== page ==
Wednesday, October 5, 2011

Baked Apples with Bourbon Maple Caramel / "William Tell" Overture

Although I grew up eating baked apples frequently as a "healthy" dessert, it had never occurred to me to make them myself. If it's going to be "apple ____," shouldn't it be apple crisp, apple strudel, apple pie, or otherwise laden with delicious carbohydrates?

{All the fixings: dried figs, dried mixed berries, pecans}
For better or for worse, my husband and I are on something of a pre-holiday diet. Naturally, my version of a diet cannot exclude dessert entirely. When I thought of what kinds of treats I could prepare on chilly fall evenings (yes, we have those in Los Angeles!), my memory darted back to the baked apples my mother used to make for us when the weather cooled down. I would initially be disappointed that oreos weren't in my cards that night. But every time, I bit into a warm and juicy baked apple, I had to concede that I'd underestimated them.

Baked Apples with Bourbon Maple Caramel

Adapted from The Last Course

2 large baking apples (I used Honeycrisps), cored but not peeled or sliced
2 tablespoons dried fruit of your choice (I used 1 tbsp mixed berries and 1 tbsp dried figs)
1 tablespoon brown sugar
1 tablespoon nuts of your choice (I used pecans)
2 tablespoons maple syrup
1 tablespoon bourbon
splash of vanilla extract
1/2 tablespoon butter
1/2 cup apple or pear cider

Preheat the oven to 400 degrees.

Combine your dried fruit and sugar in a small bowl. Divide filling evenly among the cavities of the apples. Top them off with a thin pat of butter. Place the apples in a shallow baking dish.

Pour the cider, vanilla, bourbon, and maple syrup around the apples.

Bake for 25 - 35 minutes, basting every 5 to 7 minutes, until the apples are tender. Place apples on a serving tray and cover with foil to keep warm.

Transfer pan juices to a small saucepan. Bring to a boil; then reduce to a simmer. Simmer the caramel until it reaches your desired consistency and color. Pour over the apples and serve.

(Vanilla ice cream is a great complement to baked apples, although it significantly reduces their dietetic potential.)

{Apples out of the oven, pre-carameled. See how the skin is slightly wrinkled, but not cracked?}

For a musical pairing, enjoy Rossini's "William Tell" overture. The apple theme is the obvious connection here. (William Tell is the legendary man who shot an arrow through an apple standing atop his son's head to win his freedom). But for me, the famous "galloping" section (thank you, Bugs Bunny) perfectly captures what fall means for me in my life. Summer is a relatively calm season for me, since the concert season slows to a crawl. And do I ever relish it: the annual slowdown allows for traveling and socializing on weekends, and accounts for the very existence of this blog. But come September, I am off to the races in a major way. I am never fully prepared for the abrupt explosion of performances and general busy-ness that takes hold. I don't even really have time to bemoan the end of summer; I get swooped up in a mad rush that carries me all the way til the middle of June. It's a lot like Rossini's trumpet blare right as the famous finale begins, at 8:15 in the clip. He wrote absolutely no "transition" between the restful section and the mad dash; it just explodes out of nowhere. The conductor in this version, Riccardo Muti, gives a fantastic cutoff in 8:25 that is awesomely brutal and commanding. As for the craziness that happens in the violins at 10:05: when I've performed this, it's always so unrelentingly fast that you just have to hang on for dear life. God forbid your standpartner makes a mistake - or you second-guess just one of those lousy little notes - and you may fall off the wagon completely.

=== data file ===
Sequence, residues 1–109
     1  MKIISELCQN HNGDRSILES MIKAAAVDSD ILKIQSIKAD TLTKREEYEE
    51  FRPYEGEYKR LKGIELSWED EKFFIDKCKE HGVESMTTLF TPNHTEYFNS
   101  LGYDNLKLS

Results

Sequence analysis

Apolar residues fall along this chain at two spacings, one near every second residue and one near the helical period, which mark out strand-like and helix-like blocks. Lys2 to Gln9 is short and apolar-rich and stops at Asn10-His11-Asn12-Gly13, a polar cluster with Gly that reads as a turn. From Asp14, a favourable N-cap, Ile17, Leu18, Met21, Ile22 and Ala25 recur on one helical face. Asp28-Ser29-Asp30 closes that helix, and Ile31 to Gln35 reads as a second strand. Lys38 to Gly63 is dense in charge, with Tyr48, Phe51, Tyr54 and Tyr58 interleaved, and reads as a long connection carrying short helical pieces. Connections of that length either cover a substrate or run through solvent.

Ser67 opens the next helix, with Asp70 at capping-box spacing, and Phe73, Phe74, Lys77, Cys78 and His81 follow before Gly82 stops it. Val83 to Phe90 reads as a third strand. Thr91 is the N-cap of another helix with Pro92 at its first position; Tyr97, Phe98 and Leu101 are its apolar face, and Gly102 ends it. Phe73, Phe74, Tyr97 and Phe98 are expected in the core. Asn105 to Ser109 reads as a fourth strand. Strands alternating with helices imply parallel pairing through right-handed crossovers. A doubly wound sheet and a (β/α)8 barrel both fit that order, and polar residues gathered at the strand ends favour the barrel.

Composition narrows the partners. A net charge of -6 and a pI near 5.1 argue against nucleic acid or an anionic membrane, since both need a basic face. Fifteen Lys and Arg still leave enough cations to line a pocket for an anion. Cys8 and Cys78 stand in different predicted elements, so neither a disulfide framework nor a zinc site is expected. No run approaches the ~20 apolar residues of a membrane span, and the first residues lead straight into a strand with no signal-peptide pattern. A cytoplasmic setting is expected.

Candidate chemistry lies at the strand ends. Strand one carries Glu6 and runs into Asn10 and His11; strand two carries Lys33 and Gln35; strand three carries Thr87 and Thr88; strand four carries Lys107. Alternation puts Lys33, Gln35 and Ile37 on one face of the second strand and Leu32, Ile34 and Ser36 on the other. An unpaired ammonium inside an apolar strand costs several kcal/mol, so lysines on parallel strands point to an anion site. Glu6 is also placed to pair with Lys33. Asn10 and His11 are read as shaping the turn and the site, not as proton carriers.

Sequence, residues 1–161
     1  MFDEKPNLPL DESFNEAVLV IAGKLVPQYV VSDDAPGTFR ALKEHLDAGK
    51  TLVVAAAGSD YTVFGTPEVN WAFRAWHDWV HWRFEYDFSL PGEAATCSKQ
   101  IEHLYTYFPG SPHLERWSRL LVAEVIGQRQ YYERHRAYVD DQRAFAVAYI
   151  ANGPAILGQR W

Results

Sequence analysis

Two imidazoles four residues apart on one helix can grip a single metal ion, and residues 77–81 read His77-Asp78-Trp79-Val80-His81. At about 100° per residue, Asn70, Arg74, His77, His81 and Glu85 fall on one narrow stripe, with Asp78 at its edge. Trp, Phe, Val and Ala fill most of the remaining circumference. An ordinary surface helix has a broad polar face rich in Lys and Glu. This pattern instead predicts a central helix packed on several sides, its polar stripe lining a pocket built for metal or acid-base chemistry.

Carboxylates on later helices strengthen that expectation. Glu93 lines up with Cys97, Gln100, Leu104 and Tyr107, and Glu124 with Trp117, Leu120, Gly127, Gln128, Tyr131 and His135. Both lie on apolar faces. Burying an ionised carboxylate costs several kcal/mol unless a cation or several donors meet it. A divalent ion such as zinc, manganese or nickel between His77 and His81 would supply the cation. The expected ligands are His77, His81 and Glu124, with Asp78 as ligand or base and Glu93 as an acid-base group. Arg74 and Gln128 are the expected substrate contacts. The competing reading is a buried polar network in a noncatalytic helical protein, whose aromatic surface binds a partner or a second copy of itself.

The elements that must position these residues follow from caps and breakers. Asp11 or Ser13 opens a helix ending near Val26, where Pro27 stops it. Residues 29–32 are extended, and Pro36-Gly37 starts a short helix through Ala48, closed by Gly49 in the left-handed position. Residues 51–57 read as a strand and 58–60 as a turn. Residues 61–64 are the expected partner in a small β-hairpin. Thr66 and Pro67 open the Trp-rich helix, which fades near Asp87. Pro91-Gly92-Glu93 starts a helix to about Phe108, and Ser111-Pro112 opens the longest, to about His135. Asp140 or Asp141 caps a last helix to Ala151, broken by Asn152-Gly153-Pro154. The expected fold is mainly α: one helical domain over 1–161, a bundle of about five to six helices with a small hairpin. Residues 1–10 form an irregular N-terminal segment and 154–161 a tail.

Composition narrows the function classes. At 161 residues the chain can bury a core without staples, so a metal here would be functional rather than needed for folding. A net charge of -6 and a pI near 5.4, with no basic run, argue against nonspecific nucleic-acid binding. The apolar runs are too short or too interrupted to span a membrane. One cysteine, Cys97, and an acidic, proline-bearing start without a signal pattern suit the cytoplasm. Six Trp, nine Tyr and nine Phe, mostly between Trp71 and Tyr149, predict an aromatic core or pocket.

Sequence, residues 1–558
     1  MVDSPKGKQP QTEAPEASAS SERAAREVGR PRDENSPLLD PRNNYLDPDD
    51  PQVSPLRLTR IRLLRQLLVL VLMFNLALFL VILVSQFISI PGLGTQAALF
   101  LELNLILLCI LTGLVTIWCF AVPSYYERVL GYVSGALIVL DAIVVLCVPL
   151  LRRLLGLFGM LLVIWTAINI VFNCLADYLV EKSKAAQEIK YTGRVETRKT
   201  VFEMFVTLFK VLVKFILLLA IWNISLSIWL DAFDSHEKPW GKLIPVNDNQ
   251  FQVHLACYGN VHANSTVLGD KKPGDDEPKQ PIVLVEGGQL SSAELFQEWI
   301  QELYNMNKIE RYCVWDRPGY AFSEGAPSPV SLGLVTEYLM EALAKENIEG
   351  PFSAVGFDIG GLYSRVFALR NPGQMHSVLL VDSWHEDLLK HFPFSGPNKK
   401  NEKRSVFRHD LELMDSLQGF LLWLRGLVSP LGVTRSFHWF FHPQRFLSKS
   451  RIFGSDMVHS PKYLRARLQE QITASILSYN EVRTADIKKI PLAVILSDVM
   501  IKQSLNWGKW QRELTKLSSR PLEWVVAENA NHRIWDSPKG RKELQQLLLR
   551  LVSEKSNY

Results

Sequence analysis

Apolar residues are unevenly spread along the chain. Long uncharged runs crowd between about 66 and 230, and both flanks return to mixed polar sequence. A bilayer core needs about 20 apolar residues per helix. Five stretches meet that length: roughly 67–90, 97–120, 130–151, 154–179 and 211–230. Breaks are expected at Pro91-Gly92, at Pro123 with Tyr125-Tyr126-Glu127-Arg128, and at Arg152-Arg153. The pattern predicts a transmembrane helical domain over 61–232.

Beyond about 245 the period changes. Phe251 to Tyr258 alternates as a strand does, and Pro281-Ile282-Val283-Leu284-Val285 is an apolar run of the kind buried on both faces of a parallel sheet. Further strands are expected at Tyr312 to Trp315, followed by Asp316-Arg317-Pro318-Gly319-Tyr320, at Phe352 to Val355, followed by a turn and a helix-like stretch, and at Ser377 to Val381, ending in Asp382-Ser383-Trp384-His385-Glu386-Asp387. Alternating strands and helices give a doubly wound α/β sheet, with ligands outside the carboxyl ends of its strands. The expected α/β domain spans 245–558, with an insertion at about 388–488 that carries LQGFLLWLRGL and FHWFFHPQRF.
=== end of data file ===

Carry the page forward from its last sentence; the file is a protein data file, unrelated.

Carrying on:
That's what Fall means to me: hang on for dear life til you start coasting. Along the way, try not to stop and think too hard about having absolutely no weekend evenings free. Savor the manic, unrelenting joy of the concert season. Await summer with no small amount of eagnerness as the wild ride comes to an end. Bask in the bliss of relaxation while it lasts, before being snapped back to reality with a brutal, brassy blare. Repeat.


  1. Just found your blog through an Italian blogger I follow and I'm glad I did. This apple recipe is perfect for right now and the comments about music are wonderful too. Now I'll go hunt for apples and turn on the Rossini.

  2. So yummy. Thanks for posting!


  3. Helo! I love your style! You have very beautiful pics! I will follow you:)
    Big hug & kiss:)

  4. Ciao Maia, great choice this match between apples and Guglielmo Tell ouverture that I know so well and love very much. Rossini is generally very difficult to perform. When you listen to his masterpieces, they always seems so light, so easy while there's a hard technical difficulty that only musicians can admit. These apples, at the contrary, are so delicious and easy that I'm going to copy the recipe and will try it very soon. Un bacio grande, Pat

  5. Wow this looks great! I tried your lasagna recipe for dinner last night- it was absolutely delicious!! I used ground beef instead of turkey sausage and it was still great. The flavors of the three cheeses were so distinct. I definitely know that I'm not trying another lasagna recipe!

  6. Girl you made me hungry and in need for cooking! :)) Great post!


  7. Looks like you two are great friends and Jess does have an uncanny resemblance to her cousin!! Only 1 tablespoon of Bourbon on those beautiful baked apples? :(

  8. Those red velvet cupcakes look so good, wish I could make them!

  9. I've never seen a violinist with fat arms. It's hard work! The first time I tried playing the instrument I found it awkward and it sounded like a cat giving birth, so I take off my hat to you. :-) Love the look of the oozy woozy caramel dribbling down the apples!